F-4E Phantom II
|Height:||16' 6"||5.03 M|
|Wingspan:||38' 4"||11.68 M|
|Wingarea:||530.00 Sq Ft||49.23 Sq M|
|Empty Weight:||29535.0 lbs||13394.0 Kg|
|Gross Weight:||55957.0 lbs||25377.0 Kg|
|Max Weight:||61651.0lbs||27959.0 Kg|
|No. of Engines:||2|
|Powerplant:||General Electric J79-GE-17 (A/B 17,900Lb/8,119Kg)|
|Range:||1050 miles||1690.00 Km|
|Cruise Speed:||585.00 mph||942.00 Km/H||509.19 Kt|
|Max Speed:||1485.00 Mph||2391.00 Km/H||1292.43 Kt|
|Climb:||61400.0 Ft/min||18713.8 M/min|
|Ceiling:||62250.0 Ft||18973.0 M|
The F-4 was designed in 1958 as a company venture by McDonnell Douglas to
meet future needs and it turned into the greatest post World War II fighter ever
built. Considered by some the fastest, most versatile and effective aircraft
ever built. The F-4 was initially designed as an attack bomber without internal
weapons. The Phantom carried a greater bomb load than a B-29, yet was an
effective fighter shooting down 106 out of 137 Migs destroyed in the Vietnam
War. Israel has used F-4's in all of its major confrontations, at one time
shooting down over 70 Syrian aircraft without a Phantom lost. The F-4E was flown
by the US Air Force Demonstration team The Thunderbirds from 1969 through the
mid 1970's. F-4E's were also flown as aircraft known as Wild Weasels and were
active in the Persian Gulf War.
The F-4E was a marked change from the original design of the phantom and a
no-nonsense adaptation to the lessons learned in Vietnam. With changes in
avionics, a new wing (more forgiving in stalls and spins caused by harsh
maneuvers with heavy bomb loads) and the addition of an internally mounted 20mm
M61 Vulcan cannon fed by a 640 round drum magazine. The F-4E would remain the
basic airframe for the follow-on versions in the Phantom production life, the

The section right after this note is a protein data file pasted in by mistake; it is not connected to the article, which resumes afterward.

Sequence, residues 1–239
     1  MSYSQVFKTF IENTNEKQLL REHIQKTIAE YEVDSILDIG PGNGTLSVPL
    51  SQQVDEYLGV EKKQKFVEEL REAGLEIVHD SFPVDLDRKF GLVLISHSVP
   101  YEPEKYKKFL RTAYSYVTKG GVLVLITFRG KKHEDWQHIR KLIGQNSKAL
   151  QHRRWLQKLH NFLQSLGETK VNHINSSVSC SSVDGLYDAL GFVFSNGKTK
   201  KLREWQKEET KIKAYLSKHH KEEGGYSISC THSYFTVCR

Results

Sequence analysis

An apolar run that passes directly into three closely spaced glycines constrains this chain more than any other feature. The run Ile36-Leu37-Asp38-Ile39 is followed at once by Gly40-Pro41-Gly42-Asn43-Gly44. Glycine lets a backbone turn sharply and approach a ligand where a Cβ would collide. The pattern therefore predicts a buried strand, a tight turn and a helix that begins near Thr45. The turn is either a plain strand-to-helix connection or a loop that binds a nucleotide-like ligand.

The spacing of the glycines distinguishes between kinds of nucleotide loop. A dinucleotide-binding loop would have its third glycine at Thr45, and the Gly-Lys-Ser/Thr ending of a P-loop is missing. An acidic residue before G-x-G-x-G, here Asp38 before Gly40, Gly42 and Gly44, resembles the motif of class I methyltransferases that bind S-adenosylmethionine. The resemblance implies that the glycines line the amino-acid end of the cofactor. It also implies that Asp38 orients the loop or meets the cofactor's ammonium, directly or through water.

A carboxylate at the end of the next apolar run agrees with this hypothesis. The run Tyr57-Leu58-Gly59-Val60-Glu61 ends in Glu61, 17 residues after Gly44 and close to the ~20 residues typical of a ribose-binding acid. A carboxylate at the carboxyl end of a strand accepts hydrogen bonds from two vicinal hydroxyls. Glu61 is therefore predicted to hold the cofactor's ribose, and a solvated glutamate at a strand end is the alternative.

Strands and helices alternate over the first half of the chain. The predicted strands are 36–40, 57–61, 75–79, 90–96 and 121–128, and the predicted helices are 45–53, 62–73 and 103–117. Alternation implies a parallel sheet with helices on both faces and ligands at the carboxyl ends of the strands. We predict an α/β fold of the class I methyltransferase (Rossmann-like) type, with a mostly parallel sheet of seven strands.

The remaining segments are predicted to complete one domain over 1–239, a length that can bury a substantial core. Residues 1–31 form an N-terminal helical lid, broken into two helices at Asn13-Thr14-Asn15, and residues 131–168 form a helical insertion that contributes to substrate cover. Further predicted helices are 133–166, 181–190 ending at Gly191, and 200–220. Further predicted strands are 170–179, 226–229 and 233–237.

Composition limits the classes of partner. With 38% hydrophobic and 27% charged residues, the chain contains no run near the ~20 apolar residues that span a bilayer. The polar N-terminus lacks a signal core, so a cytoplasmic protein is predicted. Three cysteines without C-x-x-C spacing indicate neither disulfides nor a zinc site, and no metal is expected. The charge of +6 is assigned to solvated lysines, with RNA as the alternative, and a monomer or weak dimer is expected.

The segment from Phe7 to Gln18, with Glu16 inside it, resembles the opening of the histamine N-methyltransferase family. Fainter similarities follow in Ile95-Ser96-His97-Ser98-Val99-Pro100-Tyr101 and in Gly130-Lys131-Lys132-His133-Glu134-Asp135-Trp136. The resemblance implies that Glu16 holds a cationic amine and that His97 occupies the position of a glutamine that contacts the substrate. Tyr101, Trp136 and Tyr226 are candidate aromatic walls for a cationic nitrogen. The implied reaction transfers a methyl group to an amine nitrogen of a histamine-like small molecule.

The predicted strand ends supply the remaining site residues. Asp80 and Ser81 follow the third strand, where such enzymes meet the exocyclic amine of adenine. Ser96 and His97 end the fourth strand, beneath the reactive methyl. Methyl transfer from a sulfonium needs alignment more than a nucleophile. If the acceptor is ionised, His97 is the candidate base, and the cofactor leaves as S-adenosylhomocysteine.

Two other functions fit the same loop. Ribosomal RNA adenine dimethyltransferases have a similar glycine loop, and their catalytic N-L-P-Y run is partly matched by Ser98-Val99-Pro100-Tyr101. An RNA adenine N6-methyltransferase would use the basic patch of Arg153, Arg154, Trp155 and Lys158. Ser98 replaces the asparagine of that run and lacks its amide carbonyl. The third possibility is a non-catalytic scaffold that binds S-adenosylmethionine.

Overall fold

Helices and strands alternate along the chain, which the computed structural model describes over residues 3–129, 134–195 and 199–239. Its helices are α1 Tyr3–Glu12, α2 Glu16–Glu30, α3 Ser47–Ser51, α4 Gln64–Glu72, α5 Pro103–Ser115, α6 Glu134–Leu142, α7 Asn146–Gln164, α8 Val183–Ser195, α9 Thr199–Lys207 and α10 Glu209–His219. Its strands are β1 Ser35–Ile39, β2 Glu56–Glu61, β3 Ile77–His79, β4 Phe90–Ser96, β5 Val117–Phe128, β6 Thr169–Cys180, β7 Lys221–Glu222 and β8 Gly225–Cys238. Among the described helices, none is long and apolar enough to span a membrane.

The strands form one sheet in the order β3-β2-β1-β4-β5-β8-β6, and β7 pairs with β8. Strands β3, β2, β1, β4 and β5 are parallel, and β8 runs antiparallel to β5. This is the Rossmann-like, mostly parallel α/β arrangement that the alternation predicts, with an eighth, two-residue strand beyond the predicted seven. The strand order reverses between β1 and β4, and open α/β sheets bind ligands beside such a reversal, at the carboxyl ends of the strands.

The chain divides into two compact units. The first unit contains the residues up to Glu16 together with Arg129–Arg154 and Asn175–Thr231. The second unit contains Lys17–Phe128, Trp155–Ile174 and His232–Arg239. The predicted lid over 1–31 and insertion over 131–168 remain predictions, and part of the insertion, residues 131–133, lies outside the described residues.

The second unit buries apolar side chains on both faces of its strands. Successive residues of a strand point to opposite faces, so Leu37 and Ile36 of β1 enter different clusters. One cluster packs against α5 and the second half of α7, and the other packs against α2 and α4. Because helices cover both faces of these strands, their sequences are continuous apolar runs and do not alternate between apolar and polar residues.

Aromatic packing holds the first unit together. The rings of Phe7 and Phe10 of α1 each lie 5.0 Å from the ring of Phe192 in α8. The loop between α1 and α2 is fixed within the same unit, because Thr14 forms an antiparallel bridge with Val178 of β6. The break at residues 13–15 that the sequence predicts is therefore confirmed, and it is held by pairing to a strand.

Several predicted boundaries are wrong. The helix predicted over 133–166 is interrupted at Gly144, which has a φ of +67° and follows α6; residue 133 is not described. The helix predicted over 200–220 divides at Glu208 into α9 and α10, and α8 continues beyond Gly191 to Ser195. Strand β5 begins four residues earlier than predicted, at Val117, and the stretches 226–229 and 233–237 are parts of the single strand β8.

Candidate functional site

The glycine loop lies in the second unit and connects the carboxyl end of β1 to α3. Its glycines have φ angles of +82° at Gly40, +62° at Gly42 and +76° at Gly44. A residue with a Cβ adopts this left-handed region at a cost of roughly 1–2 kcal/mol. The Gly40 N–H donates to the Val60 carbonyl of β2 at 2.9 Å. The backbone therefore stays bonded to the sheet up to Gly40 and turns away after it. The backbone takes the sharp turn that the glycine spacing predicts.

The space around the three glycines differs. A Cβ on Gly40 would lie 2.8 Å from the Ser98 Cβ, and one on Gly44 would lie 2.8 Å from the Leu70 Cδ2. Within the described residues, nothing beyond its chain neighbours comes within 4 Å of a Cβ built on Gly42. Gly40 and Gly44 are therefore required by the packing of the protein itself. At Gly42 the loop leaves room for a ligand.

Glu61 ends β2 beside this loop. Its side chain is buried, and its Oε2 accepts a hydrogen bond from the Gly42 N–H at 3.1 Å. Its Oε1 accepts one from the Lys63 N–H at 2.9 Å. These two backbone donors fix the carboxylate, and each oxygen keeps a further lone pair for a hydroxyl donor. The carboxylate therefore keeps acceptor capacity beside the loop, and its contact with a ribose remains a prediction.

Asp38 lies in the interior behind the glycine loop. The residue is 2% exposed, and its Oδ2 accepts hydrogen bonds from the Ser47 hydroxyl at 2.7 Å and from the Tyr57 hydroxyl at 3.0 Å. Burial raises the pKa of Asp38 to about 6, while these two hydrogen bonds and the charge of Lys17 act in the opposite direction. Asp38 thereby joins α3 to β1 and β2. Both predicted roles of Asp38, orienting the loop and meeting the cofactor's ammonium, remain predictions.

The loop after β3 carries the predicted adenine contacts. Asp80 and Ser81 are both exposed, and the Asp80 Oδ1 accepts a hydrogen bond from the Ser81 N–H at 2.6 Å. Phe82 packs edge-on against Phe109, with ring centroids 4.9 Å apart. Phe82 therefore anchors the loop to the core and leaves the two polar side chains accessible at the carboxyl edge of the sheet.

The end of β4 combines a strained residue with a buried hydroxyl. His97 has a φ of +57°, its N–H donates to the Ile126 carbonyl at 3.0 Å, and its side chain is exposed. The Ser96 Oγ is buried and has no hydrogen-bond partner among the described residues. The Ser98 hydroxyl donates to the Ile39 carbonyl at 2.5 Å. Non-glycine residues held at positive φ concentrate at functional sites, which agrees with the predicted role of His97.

F-4G being the last version produced.
This is an F-4E, serial number 68-0382.
According to the Air Force Historical Research Agency (AFHRA/RSA), Maxwell
AFB, AL, the museum's F-4E has the following history:
Manufactured by McDonnell-Douglas Aircraft, in St. Louis, MO and gained by
the United States Air Force on May 9 1969.
May 1969 - To 479th Tactical Fighter Wing (Tactical Air Command), George
Jan 1970 - To 401St Tactical Fighter Wing (US Air Forces Europe), Torrejon
Sept 1973 - To 36th Tactical Fighter Wing (USAFE), Bitburg AB Germany
Mar 1976 - To 86th Tactical Fighter Wing (USAFE), Ramstein AB Germany
Sept 1982 - To 347th Tactical Fighter Wing (TAC), Moody AFB, GA
Apr 1987 - To 163rd Tactical Fighter Group (Air National Guard), March AFB
Jan 1990 Aircraft dropped from U. S. Air Force inventory with a total of
4887.3 flight hours on the airframe.
Retired due to structural damage to the right engine nacelle with over 5,000
flying hours, the plane is substantially intact, including avionics, ejection
seats, and engines. It was placed on exhibit with the museum in 1993. This
aircraft is on loan from the USAF.